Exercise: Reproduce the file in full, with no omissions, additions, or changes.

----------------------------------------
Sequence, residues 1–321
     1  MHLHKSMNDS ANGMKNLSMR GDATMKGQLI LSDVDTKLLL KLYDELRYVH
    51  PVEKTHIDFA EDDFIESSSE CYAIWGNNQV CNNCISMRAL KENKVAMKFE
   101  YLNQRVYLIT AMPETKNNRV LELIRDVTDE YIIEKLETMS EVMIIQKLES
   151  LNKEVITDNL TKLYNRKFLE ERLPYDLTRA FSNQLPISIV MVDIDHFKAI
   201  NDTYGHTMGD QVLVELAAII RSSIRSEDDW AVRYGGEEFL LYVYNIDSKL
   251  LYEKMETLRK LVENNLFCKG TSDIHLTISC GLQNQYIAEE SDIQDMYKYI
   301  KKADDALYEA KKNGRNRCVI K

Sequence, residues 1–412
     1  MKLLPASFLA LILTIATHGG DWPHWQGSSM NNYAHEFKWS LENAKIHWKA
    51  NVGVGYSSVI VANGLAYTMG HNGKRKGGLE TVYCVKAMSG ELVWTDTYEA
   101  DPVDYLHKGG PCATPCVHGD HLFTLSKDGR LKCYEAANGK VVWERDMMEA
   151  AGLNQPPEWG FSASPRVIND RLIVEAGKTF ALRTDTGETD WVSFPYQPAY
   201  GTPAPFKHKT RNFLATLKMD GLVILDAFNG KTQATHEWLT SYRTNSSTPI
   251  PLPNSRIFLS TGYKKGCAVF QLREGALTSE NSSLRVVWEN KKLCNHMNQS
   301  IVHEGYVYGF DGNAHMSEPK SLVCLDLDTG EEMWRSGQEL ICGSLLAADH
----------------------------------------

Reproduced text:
Sequence, residues 1–321
     1  MHLHKSMNDS ANGMKNLSMR GDATMKGQLI LSDVDTKLLL KLYDELRYVH
    51  PVEKTHIDFA EDDFIESSSE CYAIWGNNQV CNNCISMRAL KENKVAMKFE
   101  YLNQRVYLIT AMPETKNNRV LELIRDVTDE YIIEKLETMS EVMIIQKLES
   151  LNKEVITDNL TKLYNRKFLE ERLPYDLTRA FSNQLPISIV MVDIDHFKAI
   201  NDTYGHTMGD QVLVELAAII RSSIRSEDDW AVRYGGEEFL LYVYNIDSKL
   251  LYEKMETLRK LVENNLFCKG TSDIHLTISC GLQNQYIAEE SDIQDMYKYI
   301  KKADDALYEA KKNGRNRCVI K

Sequence, residues 1–412
     1  MKLLPASFLA LILTIATHGG DWPHWQGSSM NNYAHEFKWS LENAKIHWKA
    51  NVGVGYSSVI VANGLAYTMG HNGKRKGGLE TVYCVKAMSG ELVWTDTYEA
   101  DPVDYLHKGG PCATPCVHGD HLFTLSKDGR LKCYEAANGK VVWERDMMEA
   151  AGLNQPPEWG FSASPRVIND RLIVEAGKTF ALRTDTGETD WVSFPYQPAY
   201  GTPAPFKHKT RNFLATLKMD GLVILDAFNG KTQATHEWLT SYRTNSSTPI
   251  PLPNSRIFLS TGYKKGCAVF QLREGALTSE NSSLRVVWEN KKLCNHMNQS
   301  IVHEGYVYGF DGNAHMSEPK SLVCLDLDTG EEMWRSGQEL ICGSLLAADH